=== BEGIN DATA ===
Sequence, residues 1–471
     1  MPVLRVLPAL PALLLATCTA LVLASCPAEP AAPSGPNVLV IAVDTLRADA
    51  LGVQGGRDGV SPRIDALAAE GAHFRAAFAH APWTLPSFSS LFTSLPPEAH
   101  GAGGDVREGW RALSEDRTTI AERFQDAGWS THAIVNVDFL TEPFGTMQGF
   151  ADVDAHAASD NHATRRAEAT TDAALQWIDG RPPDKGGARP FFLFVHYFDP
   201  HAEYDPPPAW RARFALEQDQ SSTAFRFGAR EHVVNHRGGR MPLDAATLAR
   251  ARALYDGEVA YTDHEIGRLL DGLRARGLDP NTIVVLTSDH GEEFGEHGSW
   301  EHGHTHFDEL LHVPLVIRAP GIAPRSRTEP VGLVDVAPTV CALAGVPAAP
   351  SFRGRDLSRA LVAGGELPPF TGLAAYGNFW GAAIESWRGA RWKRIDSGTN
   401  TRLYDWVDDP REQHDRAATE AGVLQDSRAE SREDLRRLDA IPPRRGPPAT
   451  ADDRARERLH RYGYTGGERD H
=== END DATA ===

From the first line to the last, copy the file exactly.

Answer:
Sequence, residues 1–471
     1  MPVLRVLPAL PALLLATCTA LVLASCPAEP AAPSGPNVLV IAVDTLRADA
    51  LGVQGGRDGV SPRIDALAAE GAHFRAAFAH APWTLPSFSS LFTSLPPEAH
   101  GAGGDVREGW RALSEDRTTI AERFQDAGWS THAIVNVDFL TEPFGTMQGF
   151  ADVDAHAASD NHATRRAEAT TDAALQWIDG RPPDKGGARP FFLFVHYFDP
   201  HAEYDPPPAW RARFALEQDQ SSTAFRFGAR EHVVNHRGGR MPLDAATLAR
   251  ARALYDGEVA YTDHEIGRLL DGLRARGLDP NTIVVLTSDH GEEFGEHGSW
   301  EHGHTHFDEL LHVPLVIRAP GIAPRSRTEP VGLVDVAPTV CALAGVPAAP
   351  SFRGRDLSRA LVAGGELPPF TGLAAYGNFW GAAIESWRGA RWKRIDSGTN
   401  TRLYDWVDDP REQHDRAATE AGVLQDSRAE SREDLRRLDA IPPRRGPPAT
   451  ADDRARERLH RYGYTGGERD H